How to Be a Useful Birth Partner During Delivery

Birth partners play a very important role in supporting women in labor, and might actually improve the entire delivery. Studies have shown that women who have continuous, one-on-one support tend to cope better with labor, and are happier with their birth experience.

While the birth partner is usually the father of the baby, it could also be a close friend or relative. There are many things to consider when deciding to be present in the delivery room, and it is up to you to decide if it is for you. Being a birth partner is a great way to get involved!

It can be overwhelming to anticipate what you will do and how you can help during the big day. Here are some things that you, as a birthing partner, can keep in mind when you are in the delivery room.

Be Prepared

Read up about what to expect, the different stages of labor, and plan ahead so you know what needs to happen when things speed up. Try to remain calm and collected. Remember, you are the one she will turn to when she needs support.

Go over the birth plan with her beforehand, and even talk through some possible scenarios to prepare for any possibility.

Find out about how she feels about things such as:

  • Pain management (epidural or natural remedies?)
  • Speeding up labor (inducing or waiting it out?)
  • Medical interventions such as episiotomies or C-sections.

Support Her Emotionally

You know your loved one best, and what makes her tense up and relax. This is why she trusts you enough to be there during the possibly most vulnerable moment of her life. Sometimes just holding her or letting her squeeze your hand can work wonders to reduce pain and tension.

Provide distractions, like playing games or telling her stories, so her mind is busy and not focused on the labor itself. Remember, labor can sometimes take a long time, and it is easy to get tired and discouraged. Keep her spirits up any way you can.

Every woman is different, and may react to being in labor differently, so may need different types of encouragement. Whether she wants tough love or gentle caresses, it’s up to you to give her what she needs, when she needs it.

Support Her Physically

Help her move around or find a position that is the most comfortable, which may change throughout the different stages of labor. Validate her pain and find her aids to relieve the discomfort, such as birthing balls, pillows, and stress balls.

Coach her through the stages of labor and what to expect at every milestone.

Remind her to practice birthing techniques, and help her through them.

  • Relaxation techniques
  • Breathing exercises
  • Massage
  • Hydrotherapy

Be her advocate

When labor pains get too intense, your loved one may not be able to make decisions or react adequately. This is where you come in, whether it is talking to nurses and doctors on her behalf, finding out about medical options, or giving updates to friends and family.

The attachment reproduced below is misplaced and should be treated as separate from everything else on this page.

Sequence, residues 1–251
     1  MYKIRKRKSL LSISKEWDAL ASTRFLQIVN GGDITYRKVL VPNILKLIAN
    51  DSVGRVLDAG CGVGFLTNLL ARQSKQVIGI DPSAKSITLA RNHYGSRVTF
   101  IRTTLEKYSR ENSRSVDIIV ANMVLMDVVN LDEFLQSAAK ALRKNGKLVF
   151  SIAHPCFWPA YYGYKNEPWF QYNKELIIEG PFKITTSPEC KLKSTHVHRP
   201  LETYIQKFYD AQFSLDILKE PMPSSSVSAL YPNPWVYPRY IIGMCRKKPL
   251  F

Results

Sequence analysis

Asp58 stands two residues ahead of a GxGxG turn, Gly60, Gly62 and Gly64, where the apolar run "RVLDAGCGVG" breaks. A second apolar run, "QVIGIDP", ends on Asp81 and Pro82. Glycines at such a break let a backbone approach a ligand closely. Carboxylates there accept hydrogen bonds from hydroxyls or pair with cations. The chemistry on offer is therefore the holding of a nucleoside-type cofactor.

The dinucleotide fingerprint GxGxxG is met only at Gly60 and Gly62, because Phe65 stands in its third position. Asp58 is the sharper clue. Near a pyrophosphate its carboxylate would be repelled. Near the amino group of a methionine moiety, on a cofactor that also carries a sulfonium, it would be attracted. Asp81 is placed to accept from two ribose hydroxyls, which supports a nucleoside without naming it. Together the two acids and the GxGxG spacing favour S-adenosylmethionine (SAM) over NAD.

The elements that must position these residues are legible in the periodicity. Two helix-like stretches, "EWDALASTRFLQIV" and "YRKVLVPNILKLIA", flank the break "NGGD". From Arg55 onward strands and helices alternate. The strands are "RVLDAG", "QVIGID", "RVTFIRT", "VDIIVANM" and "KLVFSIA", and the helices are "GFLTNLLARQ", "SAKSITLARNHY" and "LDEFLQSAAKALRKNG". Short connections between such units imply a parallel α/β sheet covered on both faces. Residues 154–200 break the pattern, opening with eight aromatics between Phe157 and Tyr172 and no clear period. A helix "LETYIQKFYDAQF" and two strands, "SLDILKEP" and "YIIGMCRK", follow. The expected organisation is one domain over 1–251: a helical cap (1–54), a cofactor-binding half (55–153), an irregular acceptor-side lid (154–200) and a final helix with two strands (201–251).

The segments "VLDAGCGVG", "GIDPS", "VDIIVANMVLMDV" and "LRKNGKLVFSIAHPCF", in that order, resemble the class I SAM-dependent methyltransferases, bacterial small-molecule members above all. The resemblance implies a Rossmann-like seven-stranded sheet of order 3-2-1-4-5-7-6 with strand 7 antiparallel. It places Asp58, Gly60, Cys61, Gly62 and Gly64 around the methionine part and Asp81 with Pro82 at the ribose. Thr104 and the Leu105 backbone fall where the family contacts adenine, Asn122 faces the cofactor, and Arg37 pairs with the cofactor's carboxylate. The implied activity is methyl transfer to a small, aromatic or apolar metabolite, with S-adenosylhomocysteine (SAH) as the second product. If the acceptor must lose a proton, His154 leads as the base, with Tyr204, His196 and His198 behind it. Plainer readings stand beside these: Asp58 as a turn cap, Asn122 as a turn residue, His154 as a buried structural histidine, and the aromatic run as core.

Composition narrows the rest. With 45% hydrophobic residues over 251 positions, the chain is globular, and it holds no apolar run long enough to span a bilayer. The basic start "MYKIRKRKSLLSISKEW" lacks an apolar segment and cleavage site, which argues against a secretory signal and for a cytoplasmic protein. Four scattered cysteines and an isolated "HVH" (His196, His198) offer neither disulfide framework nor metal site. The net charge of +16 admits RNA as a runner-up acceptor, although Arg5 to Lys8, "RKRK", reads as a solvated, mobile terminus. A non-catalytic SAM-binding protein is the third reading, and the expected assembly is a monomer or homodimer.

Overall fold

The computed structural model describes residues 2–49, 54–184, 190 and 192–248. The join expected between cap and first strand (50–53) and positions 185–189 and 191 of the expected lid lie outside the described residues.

You can articulate her needs and make sure they are met, which is important for making her feel confident and secure.

Don’t get in the way

Your role in the delivery room is to support your loved one, and help in any way you can. One of the best ways to help is by reading cues and listening to instructions from the medical staff that are trying to deliver the baby.

Cut the cord!

Or if you are keen enough, some doctors may even let you catch the baby on it’s way out. Some birth partners want to see everything that goes on down there, while some prefer to stay at their loved one’s side. Cutting the cord may be one of the most memorable moments of the whole delivery for you.

Bring her food after the birth

Birthing is hard work, and the body uses up a lot of calories during the whole process. You would think that hospitals would serve up a lion’s feast to every woman after giving birth, but unfortunately the meals are standardized in most hospitals and birthing centers, and are not too exciting. Treat your partner by bringing her a favorite meal, or something she loves to eat.

Being present in the delivery room means a lot more than just being there – it means being an active participant. Believe it or not, there’s a lot for you to do!

Jenny Cai
Jenny Cai has a Master's degree in Experimental Medicine. She currently works as a medical writer and editor, and has a background in developmental neurobiology. She likes blogging about current science topics and health issues, especially childhood development. When she's not writing, she likes practicing Brazilian Jiu Jitsu, long distance hiking, and playing with her 2-year old daughter.

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